Through the lives of three different women - grandmother, mother and daughter - this book tells the story of 20th-century China. At times scarcely credible in the details it reveals of the suffering of millions of ordinary Chinese people, it is an unforgettable record of tyranny, hope and ultimate survival under conditions of extreme harshness. In ...Read MoreThrough the lives of three different women - grandmother, mother and daughter - this book tells the story of 20th-century China. At times scarcely credible in the details it reveals of the suffering of millions of ordinary Chinese people, it is an unforgettable record of tyranny, hope and ultimate survival under conditions of extreme harshness. In 1924, at the age of 15, the author's grandmother became the concubine of a powerful warlord, whom she was seldom to see during the ten years of their "marriage". Her daughter, born in 1931, experienced the horrors of Japanese occupation in Manchuria as a schoolgirl, and after their surrender joined the Communist-led underground fighting Chiang Kai-Shek's Kuomintang. She rose to be a senior Communist official, but was imprisoned three times. Her husband, also a high official and one of the very first to join the Communists, was relentlessly persecuted, imprisoned and finally sent to a labour camp where, physically broken and disillusioned, he lost his sanity. The author herself grew up during the Cultural Revolution, at the time of the personality cult of Mao and the worst excesses of the Gang of Four. She joined the Red Guard but after Mao's death she was to become one of the first Chinese students to study abroad.Read Less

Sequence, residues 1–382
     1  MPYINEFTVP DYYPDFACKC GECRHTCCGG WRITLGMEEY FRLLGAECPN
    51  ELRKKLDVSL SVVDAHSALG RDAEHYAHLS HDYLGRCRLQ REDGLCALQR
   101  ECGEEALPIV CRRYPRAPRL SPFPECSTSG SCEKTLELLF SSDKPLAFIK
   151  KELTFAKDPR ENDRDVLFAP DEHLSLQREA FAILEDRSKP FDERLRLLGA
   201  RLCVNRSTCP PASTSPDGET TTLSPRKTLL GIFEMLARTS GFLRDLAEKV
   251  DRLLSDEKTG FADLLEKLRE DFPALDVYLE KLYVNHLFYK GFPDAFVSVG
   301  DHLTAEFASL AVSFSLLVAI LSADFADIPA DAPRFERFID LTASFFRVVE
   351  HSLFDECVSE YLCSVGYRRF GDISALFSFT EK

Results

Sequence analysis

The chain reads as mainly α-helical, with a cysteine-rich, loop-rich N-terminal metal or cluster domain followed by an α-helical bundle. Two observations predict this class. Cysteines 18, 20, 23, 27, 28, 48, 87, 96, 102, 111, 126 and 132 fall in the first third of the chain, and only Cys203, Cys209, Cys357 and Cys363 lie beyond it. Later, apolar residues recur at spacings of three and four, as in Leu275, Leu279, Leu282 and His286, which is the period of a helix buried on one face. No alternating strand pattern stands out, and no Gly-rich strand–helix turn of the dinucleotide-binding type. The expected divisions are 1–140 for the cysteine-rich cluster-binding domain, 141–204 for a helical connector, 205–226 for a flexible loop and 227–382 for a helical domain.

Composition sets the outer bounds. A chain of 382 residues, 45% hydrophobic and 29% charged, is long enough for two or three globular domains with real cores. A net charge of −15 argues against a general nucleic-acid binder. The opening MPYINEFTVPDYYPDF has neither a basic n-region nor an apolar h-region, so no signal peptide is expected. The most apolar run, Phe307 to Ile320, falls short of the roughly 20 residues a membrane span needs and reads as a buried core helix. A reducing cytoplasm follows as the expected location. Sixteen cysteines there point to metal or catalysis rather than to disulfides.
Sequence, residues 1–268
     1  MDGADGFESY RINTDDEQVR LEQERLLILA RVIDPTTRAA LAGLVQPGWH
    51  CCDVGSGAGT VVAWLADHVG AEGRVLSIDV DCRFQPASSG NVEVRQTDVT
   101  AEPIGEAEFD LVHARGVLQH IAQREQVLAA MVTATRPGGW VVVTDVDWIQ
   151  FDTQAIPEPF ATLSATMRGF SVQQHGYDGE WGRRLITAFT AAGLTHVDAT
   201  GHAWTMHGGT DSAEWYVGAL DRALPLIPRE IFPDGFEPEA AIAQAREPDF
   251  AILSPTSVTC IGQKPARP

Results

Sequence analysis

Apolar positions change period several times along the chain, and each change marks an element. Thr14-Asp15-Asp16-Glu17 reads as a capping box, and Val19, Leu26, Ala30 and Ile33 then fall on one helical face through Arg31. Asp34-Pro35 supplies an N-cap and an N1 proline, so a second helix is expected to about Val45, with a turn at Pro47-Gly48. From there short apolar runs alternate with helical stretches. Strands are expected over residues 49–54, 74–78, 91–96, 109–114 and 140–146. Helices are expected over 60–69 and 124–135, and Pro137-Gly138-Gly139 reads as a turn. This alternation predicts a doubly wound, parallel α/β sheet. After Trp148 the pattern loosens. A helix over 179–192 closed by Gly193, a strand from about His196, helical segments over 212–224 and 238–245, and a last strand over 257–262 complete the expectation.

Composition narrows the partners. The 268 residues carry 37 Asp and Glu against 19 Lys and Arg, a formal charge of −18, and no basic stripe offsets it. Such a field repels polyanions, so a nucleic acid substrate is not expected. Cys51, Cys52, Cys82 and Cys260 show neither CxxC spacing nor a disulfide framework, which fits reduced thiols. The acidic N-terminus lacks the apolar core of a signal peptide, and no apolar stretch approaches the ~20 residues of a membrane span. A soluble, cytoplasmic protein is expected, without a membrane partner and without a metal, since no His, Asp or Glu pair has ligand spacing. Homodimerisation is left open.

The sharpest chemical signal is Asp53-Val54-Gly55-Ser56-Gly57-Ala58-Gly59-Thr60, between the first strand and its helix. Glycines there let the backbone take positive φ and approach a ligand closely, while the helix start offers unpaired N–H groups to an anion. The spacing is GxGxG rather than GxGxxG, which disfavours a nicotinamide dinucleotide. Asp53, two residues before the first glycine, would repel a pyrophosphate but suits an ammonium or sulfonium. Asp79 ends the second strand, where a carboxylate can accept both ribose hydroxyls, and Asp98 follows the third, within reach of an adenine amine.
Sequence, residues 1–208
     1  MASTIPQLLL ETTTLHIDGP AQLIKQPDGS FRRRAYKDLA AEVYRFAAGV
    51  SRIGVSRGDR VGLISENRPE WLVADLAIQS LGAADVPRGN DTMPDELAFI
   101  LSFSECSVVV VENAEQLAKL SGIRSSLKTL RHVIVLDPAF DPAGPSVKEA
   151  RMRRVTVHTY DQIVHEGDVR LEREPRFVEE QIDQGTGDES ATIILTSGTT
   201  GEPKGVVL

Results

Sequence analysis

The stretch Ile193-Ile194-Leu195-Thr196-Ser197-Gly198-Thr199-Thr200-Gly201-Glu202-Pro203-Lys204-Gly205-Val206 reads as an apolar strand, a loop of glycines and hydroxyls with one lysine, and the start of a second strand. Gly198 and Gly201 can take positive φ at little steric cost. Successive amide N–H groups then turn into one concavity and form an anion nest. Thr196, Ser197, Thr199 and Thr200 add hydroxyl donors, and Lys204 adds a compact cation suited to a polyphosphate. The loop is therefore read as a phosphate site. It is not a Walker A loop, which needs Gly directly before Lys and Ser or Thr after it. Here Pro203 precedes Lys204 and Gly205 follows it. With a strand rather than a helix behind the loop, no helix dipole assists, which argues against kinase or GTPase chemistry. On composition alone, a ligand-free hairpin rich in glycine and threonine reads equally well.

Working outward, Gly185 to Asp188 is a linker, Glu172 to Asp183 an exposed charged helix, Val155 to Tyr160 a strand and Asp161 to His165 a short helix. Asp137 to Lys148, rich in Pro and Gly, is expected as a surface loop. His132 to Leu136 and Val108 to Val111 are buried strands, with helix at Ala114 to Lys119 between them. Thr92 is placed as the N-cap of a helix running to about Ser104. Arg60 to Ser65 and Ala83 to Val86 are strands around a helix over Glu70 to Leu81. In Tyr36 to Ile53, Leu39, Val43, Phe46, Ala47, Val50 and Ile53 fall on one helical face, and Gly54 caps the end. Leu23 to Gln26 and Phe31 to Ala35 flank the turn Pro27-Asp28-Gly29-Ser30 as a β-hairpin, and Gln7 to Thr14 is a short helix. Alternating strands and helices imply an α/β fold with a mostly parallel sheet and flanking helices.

Very good. Book has appearance of light use with no easily noticeable wear. Millions of satisfied customers and climbing. Green Earth Books is the name you can trust, guaranteed. Spend Less. Read More.
Good. 2007-Paperback-Used-Good--Shows some shelf-wear. May contain old price stickers or their residue, inscriptions or dedications from previous owners in first few pages and remainder marks.-. -Hall Street Books proudly ships from Brooklyn, NY. All orders are processed and shipped within 24 business hours, Mon-Fri. Expedited shipping and tracking available within the US. Hall Street's No-Worry guarantee lets you buy with confidence!
Just couldn't get into the story even though it sounded fascinating in the description.
Oct 27, 2011
Wild Swans - Three Daughters of China
Detailed yet very readable true story of three generations of women and how the Communist and Cultural Revolutions in China during the late 1940' through the 1970's affected their lives and their families. I would like to read another book by Jung Chang.
Oct 27, 2011
Chinese young women
Excellent for those who love history and would enjoy the revelations of the power that women can weld.
Jul 2, 2009
Never received book
Have yet to receive this book. It has been nearly two months. Dealer says "the books in the mail."
Aug 16, 2007
Really good story
I learned much from this book about growing up during three eras in China. It was so well written that I will now read this author's book on Mao.
Publishers Weekly, 1991-07-25 Bursting with drama, heartbreak and horror, this extraordinary family portrait mirrors China's century of turbulence. Chang's grandmother, Yu-fang, had her feet bound at age two and in 1924 was sold as a concubine to Beijing's police chief. Yu-fang escaped slavery in a brothel by fleeing her ``husband'' with her infant daughter, Bao Qin, Chang's mother-to-be. Growing up during Japan's brutal occupation, free-spirited Bao Qin chose the man she would marry, a Communist Party official slavishly devoted to the revolution. In 1949, while he drove 1000 miles in a jeep to the southwestern province where they would do Mao's spadework, Bao Qin walked alongside the vehicle, sick and pregnant (she lost the child). Chang, born in 1952, saw her mother put into a detention camp in the Cultural Revolution and later ``rehabilitated.'' Her father was denounced and publicly humiliated; his mind snapped, and he died a broken man in 1975. Working as a ``barefoot doctor'' with no training, Chang saw the oppressive, inhuman side of communism. She left China in 1978 and is now director of Chinese studies at London University. Her meticulous, transparent prose radiates an inner strength. Photos. BOMC alternate. (Sept.) (c) Copyright PWxyz, LLC. All rights reserved
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